With the passage of the Jones Law in the United States Congress in 1916 an important reorganization of the government took place. The law provided a constitution for the Philippine government and established a two-house legislature with almost complete legislative authority, subject only to the governor general’s veto.

Most significant was the preamble to the Jones Law. It stated that America’s purpose in helping the Filipino people was so that they might “by the use and exercise of popular franchise and governmental powers . . . be the better prepared to fully assume the responsibilities and enjoy all the privileges of complete independence.”

Results of this policy could be seen at the time of the first World War. The Philippine legislature in 1917 passed a resolution voicing the “loyalty of the people of these Islands to the cause of the United States of America.” Many Filipinos enlisted in the United States Army, and the islands showed their loyalty in many other ways.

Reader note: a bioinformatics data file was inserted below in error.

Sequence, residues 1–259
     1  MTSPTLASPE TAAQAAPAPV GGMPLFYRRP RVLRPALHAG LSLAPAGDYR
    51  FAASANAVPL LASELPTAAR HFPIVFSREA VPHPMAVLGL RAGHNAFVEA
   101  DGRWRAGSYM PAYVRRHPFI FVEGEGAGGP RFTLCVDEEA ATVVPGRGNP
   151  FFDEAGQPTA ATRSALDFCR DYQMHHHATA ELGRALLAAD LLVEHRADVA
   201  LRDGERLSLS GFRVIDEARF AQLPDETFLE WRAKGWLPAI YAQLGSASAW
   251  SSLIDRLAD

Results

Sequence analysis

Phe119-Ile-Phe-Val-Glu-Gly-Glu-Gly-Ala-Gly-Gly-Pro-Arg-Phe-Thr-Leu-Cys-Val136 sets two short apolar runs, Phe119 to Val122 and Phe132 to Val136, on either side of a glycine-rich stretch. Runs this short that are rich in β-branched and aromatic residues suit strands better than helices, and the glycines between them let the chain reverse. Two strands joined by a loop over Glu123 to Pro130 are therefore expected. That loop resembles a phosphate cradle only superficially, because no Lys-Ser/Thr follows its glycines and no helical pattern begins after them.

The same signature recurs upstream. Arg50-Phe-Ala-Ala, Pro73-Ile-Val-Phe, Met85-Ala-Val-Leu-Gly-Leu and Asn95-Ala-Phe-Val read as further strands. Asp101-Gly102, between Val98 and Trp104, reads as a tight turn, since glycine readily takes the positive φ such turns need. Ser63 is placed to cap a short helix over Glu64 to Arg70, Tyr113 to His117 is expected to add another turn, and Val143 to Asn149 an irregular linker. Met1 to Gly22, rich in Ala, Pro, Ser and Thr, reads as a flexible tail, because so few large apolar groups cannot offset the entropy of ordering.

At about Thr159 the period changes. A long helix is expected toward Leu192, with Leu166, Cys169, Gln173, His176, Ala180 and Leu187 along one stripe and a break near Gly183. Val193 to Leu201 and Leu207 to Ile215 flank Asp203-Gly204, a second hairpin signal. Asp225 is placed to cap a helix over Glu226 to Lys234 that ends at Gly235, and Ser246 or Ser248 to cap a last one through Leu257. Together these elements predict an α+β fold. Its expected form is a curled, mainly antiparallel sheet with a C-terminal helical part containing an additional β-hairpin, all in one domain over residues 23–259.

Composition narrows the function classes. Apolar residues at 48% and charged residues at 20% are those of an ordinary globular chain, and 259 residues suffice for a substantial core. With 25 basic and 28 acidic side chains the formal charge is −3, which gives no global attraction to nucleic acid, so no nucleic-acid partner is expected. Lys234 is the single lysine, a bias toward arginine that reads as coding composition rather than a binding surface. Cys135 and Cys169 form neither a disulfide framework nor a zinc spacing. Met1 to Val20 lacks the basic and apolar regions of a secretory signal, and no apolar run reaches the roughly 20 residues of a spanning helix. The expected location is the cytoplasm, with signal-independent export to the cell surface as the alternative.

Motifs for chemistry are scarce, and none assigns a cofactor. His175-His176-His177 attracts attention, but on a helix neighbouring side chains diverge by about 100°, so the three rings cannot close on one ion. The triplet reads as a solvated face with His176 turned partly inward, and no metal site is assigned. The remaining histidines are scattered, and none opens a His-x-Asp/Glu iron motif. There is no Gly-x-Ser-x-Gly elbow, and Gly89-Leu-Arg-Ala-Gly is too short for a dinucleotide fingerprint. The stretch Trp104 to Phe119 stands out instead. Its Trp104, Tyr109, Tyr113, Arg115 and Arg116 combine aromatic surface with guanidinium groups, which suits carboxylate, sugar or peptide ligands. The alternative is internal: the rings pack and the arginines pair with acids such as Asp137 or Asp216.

How were American politics involved?

The interplay of American politics was apparent in the Philippines. The governors general were appointed by the president of the United States and with every change in the administration in Washington there was a change in the governor’s office. This often meant the sacrifice of years of study and experience on the part of the outgoing governor and prevented the development of a consistent policy in island administration.